Analysis

After Violent Clashes With Syrian Forces, Turkey Must Ask Itself a Hard Question

Fighting between Turkish and Syrian forces shows Ankara has run out of options in Idlib

Recep Tayyip Erdogan and Vladimir Putin during a ceremony for a dual natural gas line connecting Russia and Turkey, in Istanbul, January 8, 2020.
SPUTNIK/ REUTERS

After six Turkish soldiers and a civilian working for the army were killed in a Syrian government shelling Monday, Turkey's Foreign Minister Mevlut Cavusoglu declared that soldiers' blood will not be shed cheaply. Shortly afterward, Turkish forces attacked several Syrian military bases, killing 76 soldiers, according to Turkish reports. This is perhaps the most violent confrontation between Turkish and Syrian forces in recent times, and it may expand, unless Russia and Turkey manage to enforce their January 12 agreement and establish a ceasefire.

The flashpoint continues to be the province of Idlib, considered the final obstacle in the way of Bashar Assad’s quest to regain total control of Syria. An estimated 50 to 70 thousand rebel fighters are concentrated in the region, having come from all across Syria. Most of them belong to radical Islamist groups such as the Sham Liberation Army, an offshoot of the Nusra Front, and include fighters from foreign countries, mainly from the Caucasus. None of the sides involved in the war have a feasible solution for how to get rid of these armed groups.

Russia and Turkey signed an agreement in September 2018 according to which Turkey assumed responsibility for disarming these militias. Russia and Syria, in turn, were to abstain from a comprehensive military action in Idlib, in order to avoid mass displacement of the region's three million civilians toward Turkish borders. Turkey, as was clear from the outset, couldn’t complete the task in the time allotted, and despite persistent pressure from Russia, simply failed to persuade militias to disarm or move to other countries.

Russian diplomatic pressure eventually gave way to military pressure, and Russian and Syrian forces began advancing on Idlib, capturing key towns and villages. Last week, Russia and Syrian forces took control of a major road and the city of Ma’arat al-Numan, which had been under rebel control since 2012. The military assault has already caused the flight of civilians towards the Turkish border. According to reports by human aid groups, 120,000 people have already reached the border area, and the pressure will only mount as the assault continues.

Syrians gather at the border with Turkey during a symbolic protests demanding to be allowed through, Harim, Idlib, Syria, January 2, 2020.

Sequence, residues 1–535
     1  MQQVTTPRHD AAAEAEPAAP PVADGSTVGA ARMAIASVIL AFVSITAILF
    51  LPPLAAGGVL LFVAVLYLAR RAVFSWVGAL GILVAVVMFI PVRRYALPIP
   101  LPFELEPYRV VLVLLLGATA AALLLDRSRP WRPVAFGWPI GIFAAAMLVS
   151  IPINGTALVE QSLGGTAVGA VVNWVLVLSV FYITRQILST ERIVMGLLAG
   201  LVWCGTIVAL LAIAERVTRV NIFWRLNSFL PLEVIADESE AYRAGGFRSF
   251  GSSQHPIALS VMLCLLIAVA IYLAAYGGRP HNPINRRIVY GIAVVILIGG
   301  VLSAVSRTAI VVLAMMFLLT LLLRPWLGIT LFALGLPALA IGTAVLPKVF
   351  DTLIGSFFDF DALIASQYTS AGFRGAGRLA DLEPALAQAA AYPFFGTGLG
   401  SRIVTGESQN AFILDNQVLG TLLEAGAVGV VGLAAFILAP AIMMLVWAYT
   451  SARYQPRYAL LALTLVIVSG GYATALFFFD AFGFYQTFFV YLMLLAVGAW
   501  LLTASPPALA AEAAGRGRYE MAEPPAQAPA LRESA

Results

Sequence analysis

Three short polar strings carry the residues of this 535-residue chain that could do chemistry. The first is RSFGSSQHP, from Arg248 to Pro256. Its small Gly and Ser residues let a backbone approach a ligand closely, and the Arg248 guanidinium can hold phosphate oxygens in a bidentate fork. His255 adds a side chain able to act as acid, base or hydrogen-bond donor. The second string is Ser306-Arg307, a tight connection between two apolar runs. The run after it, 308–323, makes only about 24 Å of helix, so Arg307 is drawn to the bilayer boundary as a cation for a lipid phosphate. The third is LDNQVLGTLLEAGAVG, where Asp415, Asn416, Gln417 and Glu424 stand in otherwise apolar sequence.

AFP

Turkey, which thought that it could block the assault and stop the flow of refugees, looks as if it has lost control over its diplomatic and military moves.

In an unprecedented statement (at least since relations between the two countries were repaired in 2016), Turkish President Recep Tayyip Erdogan said that “Russia claims it is fighting terrorists. Who are these terrorists? They are civilians trying to protect their homes.” Erdogan then accused Russia of not abiding by the agreements of Astana and Sochi, in which it made a commitment to refrain from a military offensive in Idlib. Erdogan said that Turkey had waited, and from now on would act independently. He went even farther, posing an ultimatum to Russia: “If we are loyal partners with Russia on this, they have to put forth their stance... Our wish is that Russia immediately makes the necessary warnings to the regime which it sees as a friend.”

The problem is, however, that the country with no remaining options in Idlib is Turkey. It understands that a military campaign against Syrian forces could put it on a collision course with Russia, which has become its only superpower ally after the rift with the United States. Turkey has no real influence on militia fighters, and lacks a solution for the hundreds of thousands of refugees that may cross its border. It has become trapped in a policy it brought unto itself, and it’s doubtful whether Erdogan's warnings will stop the military campaign Damascus and Moscow have launched in Idlib.

A boy cries after government airstrikes in the town of Ariha, in Idlib, Syria, Wednesday, January 15, 2020.
Ghaith Alsayed,AP
Syrian refugees head northwest through the town of Hazano in Idlib province as they flee renewed fighting, January 27, 2020.
Ghaith Alsayed,AP

After it captured the city of Afrin and several districts in the western Euphrates valley as part of its campaign against Kurdish forces, Turkey will now have to decide if its military involvement in Syria has gone too far. So far, Russia is relating to Erdogan’s statements with cold politeness while continuing to talk about combating terror. Turkey is still an important ally, particularly in the diplomatic battle Russia is waging against the United States, but Russia is keen on ending the war in Syria quickly, so it can cut its outlays and transfer full control to Assad. If Turkey is perceived as an obstacle in Russia's way, their alliance may be enveloped by a dangerous winter frost.